The South Asia Channel

Is Pakistan's Democracy Under Threat?

Although he won a big mandate last year at Pakistan's polls, Nawaz Sharif, the prime minister of Pakistan and head of the ruling party, the Pakistan Muslim league (PML-N), is under siege at home. The country's vociferous media is hyping up the clash between Sharif and Imran Khan, Sharif's foremost political challenger and the head of the Pakistan Tehrik-e-Insaf (PTI), who is organizing a "long march" on Islamabad on Pakistan's upcoming Independence Day on August 14. Meanwhile, Tahirul Qadri, the influential Pakistani-Canadian preacher, has announced a competing "Revolution" march on the same day to overthrow the political system. Widespread discontent at Sharif's performance in office to date and the determination of the security establishment to avoid ceding primacy to civilian rule has added to the sense of a looming political crisis.

Sharif made extravagant promises during the 2013 electoral campaign that have yet to be fulfilled. For example, the delivery of basic services remains dismal across the board -- in particular, the severe energy shortage shows no sign of resolution. Another problem is that political power is excessively centralized. Sharif and his closest associates call the shots on all major initiatives, which has reduced the pool of available technocratic expertise and made the regime vulnerable to the charge of crony governance. Sharif himself has been disengaged from parliament, appearing a mere seven times in the national assembly over the course of the first parliamentary year. And much needed economic reforms that could result in job creation and significant economic growth -- such as the widening of the tax base -- have yet to be undertaken, in part due to the fear of political fallout.

Still, things could be much worse given the situation Sharif inherited, with an economy on the brink of default. Sharif has made progress by restoring the macroeconomic stability of the country, bringing the budget deficit down, increasing tax revenues, and slowing the pace of inflation. All of these steps have been praised by the International Monetary Fund, which approved a $6.6 billion loan to head off a crisis in the country's balance of payments last September, and which has released each tranche of those funds based upon the government's performance. These efforts, however, have yet to significantly impact the daily lives of most Pakistanis.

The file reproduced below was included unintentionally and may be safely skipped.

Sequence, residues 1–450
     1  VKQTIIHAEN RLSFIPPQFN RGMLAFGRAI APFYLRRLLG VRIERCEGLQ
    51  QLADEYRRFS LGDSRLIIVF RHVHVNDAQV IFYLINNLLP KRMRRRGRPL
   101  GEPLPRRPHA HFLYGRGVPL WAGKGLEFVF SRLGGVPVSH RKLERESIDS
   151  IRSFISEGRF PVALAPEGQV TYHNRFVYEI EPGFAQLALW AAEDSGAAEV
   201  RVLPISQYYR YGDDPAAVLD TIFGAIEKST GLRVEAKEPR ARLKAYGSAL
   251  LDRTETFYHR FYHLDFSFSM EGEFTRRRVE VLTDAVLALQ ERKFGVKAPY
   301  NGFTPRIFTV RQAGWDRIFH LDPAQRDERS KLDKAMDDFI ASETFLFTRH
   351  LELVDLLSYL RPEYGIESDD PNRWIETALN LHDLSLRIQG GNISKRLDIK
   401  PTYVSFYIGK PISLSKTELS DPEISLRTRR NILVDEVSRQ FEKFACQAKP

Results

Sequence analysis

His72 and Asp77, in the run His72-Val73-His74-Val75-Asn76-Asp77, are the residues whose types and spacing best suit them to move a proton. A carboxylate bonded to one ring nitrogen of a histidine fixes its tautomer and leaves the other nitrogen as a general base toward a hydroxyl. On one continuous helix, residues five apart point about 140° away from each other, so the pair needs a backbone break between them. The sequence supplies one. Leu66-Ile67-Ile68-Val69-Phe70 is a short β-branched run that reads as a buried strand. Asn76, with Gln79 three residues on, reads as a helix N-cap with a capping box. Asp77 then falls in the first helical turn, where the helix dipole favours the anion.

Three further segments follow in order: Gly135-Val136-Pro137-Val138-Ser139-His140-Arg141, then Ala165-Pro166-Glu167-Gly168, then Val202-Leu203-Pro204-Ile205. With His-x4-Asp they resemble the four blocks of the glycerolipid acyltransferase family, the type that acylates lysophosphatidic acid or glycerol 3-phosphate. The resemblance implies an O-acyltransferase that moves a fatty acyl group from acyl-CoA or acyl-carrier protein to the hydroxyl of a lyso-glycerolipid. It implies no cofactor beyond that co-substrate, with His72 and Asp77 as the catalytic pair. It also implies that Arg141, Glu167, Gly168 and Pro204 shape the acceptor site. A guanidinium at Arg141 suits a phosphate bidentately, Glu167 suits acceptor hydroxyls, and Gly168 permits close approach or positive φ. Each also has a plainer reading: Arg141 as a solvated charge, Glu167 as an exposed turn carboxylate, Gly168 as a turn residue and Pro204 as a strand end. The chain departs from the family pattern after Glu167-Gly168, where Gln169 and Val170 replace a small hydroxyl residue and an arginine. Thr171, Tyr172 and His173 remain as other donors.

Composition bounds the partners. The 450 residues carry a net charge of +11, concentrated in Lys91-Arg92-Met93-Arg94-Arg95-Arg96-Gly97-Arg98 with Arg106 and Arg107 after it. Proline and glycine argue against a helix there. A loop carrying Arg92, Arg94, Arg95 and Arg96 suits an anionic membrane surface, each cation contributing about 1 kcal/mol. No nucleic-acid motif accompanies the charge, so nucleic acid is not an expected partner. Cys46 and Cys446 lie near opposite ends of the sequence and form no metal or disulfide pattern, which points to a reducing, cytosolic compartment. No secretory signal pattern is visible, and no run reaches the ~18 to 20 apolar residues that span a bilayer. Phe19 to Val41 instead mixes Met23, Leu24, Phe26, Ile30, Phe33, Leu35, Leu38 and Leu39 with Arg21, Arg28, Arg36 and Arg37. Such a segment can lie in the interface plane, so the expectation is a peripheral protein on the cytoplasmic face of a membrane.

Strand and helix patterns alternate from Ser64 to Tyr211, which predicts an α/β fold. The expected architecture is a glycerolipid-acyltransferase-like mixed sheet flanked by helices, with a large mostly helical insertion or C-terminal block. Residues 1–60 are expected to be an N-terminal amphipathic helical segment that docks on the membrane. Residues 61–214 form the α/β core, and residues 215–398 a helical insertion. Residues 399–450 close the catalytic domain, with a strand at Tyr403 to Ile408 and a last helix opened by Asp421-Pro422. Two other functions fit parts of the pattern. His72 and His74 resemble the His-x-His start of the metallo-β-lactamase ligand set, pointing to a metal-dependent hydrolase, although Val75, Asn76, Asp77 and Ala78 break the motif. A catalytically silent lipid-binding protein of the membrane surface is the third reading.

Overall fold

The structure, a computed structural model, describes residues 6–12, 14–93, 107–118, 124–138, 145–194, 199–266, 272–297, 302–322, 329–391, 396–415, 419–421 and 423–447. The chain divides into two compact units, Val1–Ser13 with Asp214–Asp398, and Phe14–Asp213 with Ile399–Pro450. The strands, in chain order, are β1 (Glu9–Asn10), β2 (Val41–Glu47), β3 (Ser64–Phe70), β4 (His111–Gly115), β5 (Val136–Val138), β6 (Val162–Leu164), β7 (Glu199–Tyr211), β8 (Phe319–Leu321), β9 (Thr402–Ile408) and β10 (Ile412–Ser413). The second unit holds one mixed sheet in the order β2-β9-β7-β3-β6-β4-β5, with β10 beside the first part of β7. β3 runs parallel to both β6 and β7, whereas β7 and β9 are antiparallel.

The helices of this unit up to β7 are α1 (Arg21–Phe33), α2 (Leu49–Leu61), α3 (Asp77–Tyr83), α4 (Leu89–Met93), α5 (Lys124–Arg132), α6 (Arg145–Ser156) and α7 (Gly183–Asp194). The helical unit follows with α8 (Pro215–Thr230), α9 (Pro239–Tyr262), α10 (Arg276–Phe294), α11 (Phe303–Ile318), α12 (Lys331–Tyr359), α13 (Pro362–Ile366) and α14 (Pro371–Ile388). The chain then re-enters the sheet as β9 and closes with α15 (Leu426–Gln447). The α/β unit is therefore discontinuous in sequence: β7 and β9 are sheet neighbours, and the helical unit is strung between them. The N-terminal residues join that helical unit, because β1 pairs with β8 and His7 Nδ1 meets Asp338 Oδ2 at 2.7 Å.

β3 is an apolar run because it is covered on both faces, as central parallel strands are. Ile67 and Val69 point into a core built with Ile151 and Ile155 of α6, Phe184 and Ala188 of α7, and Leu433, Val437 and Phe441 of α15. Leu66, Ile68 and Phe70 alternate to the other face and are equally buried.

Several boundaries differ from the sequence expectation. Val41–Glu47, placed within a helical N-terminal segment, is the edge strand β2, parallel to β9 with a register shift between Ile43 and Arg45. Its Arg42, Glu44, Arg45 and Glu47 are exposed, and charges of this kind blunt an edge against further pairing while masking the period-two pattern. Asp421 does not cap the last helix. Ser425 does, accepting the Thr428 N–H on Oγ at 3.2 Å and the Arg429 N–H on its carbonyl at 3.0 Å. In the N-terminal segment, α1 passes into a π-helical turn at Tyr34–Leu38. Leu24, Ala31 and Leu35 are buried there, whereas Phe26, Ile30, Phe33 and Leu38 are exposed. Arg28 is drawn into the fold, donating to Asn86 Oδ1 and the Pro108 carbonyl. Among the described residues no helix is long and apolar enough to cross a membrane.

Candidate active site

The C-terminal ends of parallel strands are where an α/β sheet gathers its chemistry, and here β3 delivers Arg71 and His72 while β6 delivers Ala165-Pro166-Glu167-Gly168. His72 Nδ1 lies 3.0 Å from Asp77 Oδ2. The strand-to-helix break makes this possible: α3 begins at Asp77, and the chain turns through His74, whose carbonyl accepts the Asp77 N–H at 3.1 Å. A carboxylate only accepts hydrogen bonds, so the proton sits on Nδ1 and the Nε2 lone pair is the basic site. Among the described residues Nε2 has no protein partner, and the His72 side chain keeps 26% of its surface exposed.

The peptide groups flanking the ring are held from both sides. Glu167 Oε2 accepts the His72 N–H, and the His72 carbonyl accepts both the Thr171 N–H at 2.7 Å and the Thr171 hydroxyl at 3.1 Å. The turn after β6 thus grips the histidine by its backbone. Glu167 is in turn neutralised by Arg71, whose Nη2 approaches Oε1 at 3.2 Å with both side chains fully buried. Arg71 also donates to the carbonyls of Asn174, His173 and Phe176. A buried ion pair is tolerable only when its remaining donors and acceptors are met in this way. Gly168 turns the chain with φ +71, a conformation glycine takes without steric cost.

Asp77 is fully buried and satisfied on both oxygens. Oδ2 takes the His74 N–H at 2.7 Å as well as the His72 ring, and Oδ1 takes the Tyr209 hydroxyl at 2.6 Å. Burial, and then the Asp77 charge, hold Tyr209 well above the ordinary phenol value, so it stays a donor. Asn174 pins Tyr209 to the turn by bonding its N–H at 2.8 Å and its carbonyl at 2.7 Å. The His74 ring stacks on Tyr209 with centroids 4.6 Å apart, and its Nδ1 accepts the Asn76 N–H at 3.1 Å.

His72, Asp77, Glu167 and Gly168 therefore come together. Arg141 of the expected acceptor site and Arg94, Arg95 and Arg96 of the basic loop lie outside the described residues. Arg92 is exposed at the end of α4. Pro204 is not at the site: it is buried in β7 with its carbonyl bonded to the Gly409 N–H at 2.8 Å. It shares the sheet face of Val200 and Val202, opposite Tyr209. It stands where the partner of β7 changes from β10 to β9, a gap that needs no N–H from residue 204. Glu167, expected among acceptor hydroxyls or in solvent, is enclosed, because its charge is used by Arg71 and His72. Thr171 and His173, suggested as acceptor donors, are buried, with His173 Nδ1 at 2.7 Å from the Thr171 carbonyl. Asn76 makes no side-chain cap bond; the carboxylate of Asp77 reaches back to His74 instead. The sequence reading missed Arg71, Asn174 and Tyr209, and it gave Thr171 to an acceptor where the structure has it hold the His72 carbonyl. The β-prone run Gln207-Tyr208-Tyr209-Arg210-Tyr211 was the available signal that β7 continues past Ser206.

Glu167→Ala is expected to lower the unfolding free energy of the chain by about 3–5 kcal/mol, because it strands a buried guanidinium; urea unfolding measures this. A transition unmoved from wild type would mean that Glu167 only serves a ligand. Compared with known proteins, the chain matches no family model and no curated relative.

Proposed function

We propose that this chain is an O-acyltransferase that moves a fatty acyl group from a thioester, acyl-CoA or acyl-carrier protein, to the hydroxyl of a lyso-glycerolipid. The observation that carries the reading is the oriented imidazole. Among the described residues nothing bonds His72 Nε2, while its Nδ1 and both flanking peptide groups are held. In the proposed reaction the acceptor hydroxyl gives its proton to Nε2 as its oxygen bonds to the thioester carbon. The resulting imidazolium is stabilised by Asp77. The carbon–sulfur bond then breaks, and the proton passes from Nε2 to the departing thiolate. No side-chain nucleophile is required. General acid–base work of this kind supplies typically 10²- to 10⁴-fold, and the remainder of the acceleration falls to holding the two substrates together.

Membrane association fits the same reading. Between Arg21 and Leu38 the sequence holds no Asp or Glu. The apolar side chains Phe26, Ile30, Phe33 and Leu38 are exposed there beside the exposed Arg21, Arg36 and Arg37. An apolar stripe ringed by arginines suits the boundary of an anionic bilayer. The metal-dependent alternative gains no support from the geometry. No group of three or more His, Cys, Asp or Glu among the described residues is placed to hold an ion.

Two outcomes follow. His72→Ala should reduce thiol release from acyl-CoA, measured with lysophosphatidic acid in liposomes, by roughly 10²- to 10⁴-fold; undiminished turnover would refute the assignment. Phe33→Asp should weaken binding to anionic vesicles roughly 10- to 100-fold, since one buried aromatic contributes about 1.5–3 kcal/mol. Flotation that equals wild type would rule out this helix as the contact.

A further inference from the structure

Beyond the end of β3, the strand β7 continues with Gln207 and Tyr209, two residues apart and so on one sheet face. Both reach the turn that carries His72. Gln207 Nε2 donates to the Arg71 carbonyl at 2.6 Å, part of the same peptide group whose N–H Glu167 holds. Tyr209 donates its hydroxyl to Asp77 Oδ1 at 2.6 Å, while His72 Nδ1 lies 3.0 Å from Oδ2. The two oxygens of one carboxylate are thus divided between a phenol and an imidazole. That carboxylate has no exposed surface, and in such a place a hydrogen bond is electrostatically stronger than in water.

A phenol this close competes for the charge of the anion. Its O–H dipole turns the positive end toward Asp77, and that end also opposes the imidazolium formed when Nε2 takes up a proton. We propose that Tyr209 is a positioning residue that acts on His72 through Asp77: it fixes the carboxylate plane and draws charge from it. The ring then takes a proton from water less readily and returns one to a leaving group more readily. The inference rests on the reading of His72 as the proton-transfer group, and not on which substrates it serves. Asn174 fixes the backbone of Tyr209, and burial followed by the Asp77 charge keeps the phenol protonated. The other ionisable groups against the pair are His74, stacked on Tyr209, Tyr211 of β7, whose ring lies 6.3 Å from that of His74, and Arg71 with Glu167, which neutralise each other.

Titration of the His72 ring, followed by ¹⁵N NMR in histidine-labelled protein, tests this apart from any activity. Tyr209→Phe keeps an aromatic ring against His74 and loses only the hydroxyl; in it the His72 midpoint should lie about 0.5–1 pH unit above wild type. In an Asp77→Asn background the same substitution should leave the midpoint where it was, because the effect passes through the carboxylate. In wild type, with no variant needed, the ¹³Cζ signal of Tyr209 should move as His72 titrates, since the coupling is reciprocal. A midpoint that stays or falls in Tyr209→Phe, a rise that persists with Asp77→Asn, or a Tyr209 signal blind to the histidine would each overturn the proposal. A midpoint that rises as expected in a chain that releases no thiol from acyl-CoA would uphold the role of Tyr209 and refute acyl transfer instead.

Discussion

Sharif's political opposition now seeks to capitalize on public discontent by exerting pressure on the government through the mobilization of street power. Foremost among them is Imran Khan, who has historically tried to undercut Sharif on populist issues, including drone strikes, negotiations with the Taliban, price hikes, and corruption.

Now Khan seeks to elevate the question of electoral fraud in the 2013 general elections to the forefront. Since the elections, the PTI has alleged significant voter fraud. While rigging undoubtedly took place, some of which probably undercut Khan's support, there is little reason to believe that the main election outcome would have been substantially different. After many years of failing to do well in elections, the 2013 results were a striking success for the PTI, making it the third largest party in the country while granting it the dominant role in the government of Khyber-Pakhtunkhwa province.

In recent months Khan has escalated his demands: At first he called for auditing the votes in a few districts; he then demanded a country-wide audit. Today, he is calling for early elections so that a new government can be ushered into power. His long march on Islamabad on August 14 is meant to demonstrate widespread support for these demands and pressure the regime into caving in.

Many in Pakistan believe that the increasing stridency of Khan's rhetoric stems from the tacit support of influential elements within Pakistan's security establishment. At the least, Khan has been emboldened by rising tensions between Sharif and the army, which has its own grievances with the civilian government. Sharif's dogged pursuit of General Pervez Musharraf, who deposed him in a coup in 1999, has irked an army accustomed to being above civilian control. The army has issued veiled warnings through proxies -- including Musharraf himself-- about the courts going too far. Sharif's support for Geo TV, a television network that has run afoul of the powerful Inter-Services Intelligence agency due to criticisms of the security establishment, has been another bone of contention. And Sharif's attempt to assert his authority in foreign policy has aroused the army's ire as well. In the case of India, in particular, the army wants to control the pace of any warming up of the relationship, and views with suspicion attempts by Sharif and his associates to bring down trade barriers through regional diplomacy.

Sharif is taking the potential convergence between his civilian and military opponents seriously. His 10 day sojourn in Saudi Arabia in July during the last days of the holy month of Ramzan, was in part about gaining the support of senior Saudi officials, who have longstanding ties with Pakistani security establishment, to prevent a further deterioration in relations between Sharif and the army.